How do we estimate the overall value of the Bitcoin economy?Take the stock price of Apple. Apple is a company that makes devices and software. They sell an X number of these devices for a specific price, and then stock analysts look at their books and try to figure out if Apple’s stock price is correctly valued. Is the current government business-friendly? Foreign Exchange analysts ask these and many other questions to determine if a country’s currency is reasonably priced. Now let's look at Bitcoin. How the hell do we judge the value of the Bitcoin economy? It’s not really a company that issues income statements for us to estimate its market cap. And it is not a country that offers macroeconomic data for us to value the currency.We need to somehow reasonably determine if the Bitcoin economy is worth 1 trillion US dollars (which is the approximate value today, based on the Bitcoin price being at $51.000). But who is to tell me that the Bitcoin Economy could be worth much less (for example, $100 Billion) or maybe much more ($5 Trillion US dollars)? And what factors do we use to measure the size of the economy? Most of the transactions in Bitcoin today are basically people buying and selling Bitcoins. Very few transactions involve paying for goods and services. This brings me to my next point.
Transactions in Bitcoin are mainly for Bitcoin-related services.How many companies actually accept Bitcoin? I mean companies that sell physical goods and services. Very few accept Bitcoin, and among those that accept, very few of these transactions are in Bitcoins.I started accepting Bitcoins for my online business. I sell some online courses in the construction space, and I gave my subscribers the option of paying for Bitcoin.So far, only one person, a young man from Nigeria, took me up on the offer to pay me in Bitcoin. He made it clear that because of capital controls in Nigeria, paying in Bitcoin was his only viable option for international transactions. But will we ever see numerous businesses and people outside the ecosystem accepting bitcoins? How about my local butcher or the furniture store down the road? And please don’t give me the example of Tesla. Tesla is accepting Bitcoins because Elon Musk has made a massive bet on Bitcoin. He would look silly if he didn’t.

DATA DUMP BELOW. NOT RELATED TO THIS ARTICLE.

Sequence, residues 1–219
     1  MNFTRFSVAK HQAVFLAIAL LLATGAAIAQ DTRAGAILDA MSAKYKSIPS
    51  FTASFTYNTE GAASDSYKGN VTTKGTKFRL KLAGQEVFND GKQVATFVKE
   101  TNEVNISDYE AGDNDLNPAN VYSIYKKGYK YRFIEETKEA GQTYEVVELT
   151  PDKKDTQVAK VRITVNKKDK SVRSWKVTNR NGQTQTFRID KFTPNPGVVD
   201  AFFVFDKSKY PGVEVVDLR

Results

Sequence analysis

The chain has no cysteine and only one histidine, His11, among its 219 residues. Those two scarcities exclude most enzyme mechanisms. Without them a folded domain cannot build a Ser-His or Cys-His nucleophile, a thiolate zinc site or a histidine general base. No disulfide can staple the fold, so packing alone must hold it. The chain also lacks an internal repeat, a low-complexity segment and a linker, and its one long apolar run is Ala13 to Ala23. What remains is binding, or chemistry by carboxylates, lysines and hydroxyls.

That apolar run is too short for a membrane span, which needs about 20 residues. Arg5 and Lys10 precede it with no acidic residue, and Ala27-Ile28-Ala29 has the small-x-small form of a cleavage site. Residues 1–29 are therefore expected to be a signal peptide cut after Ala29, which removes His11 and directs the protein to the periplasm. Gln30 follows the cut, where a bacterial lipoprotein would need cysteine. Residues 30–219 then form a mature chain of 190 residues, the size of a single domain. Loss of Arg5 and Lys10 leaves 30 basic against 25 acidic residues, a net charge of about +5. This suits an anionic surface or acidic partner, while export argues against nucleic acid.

This brings me to my final point that if Bitcoin is not used for transactions, we need to decide its purpose.
Is Bitcoin a means of transaction or a store of value?One of the big problems with Bitcoin is that it is not convenient for micro-payments. Performing a transaction with Bitcoin costs money, and the cost depends on the volume of bitcoins being traded. If you are trying to buy a coffee with Bitcoins, you may pay more for the transaction than the coffee.
Unfortunately, for Bitcoin to establish itself as a reliable store of value, it needs to figure out its volatility problem. Right now, the volatility of bitcoin is insane, despite more and more people adopting the currency. Judging by its volatility, people currently buying Bitcoin are not investing in a long-term store of value. They are just greedy speculators.